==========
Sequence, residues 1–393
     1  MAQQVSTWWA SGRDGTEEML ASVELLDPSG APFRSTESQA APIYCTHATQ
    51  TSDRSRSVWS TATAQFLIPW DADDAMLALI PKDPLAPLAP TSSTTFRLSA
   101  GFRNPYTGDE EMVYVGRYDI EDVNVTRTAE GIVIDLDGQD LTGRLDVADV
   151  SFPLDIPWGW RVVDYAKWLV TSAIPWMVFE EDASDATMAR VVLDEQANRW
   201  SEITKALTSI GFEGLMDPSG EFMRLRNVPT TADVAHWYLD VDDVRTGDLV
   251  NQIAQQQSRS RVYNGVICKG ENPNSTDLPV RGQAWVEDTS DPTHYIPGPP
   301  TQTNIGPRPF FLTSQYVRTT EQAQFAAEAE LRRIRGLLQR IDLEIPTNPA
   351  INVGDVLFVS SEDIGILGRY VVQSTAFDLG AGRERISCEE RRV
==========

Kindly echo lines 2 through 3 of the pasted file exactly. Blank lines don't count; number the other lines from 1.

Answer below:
     1  MAQQVSTWWA SGRDGTEEML ASVELLDPSG APFRSTESQA APIYCTHATQ
    51  TSDRSRSVWS TATAQFLIPW DADDAMLALI PKDPLAPLAP TSSTTFRLSA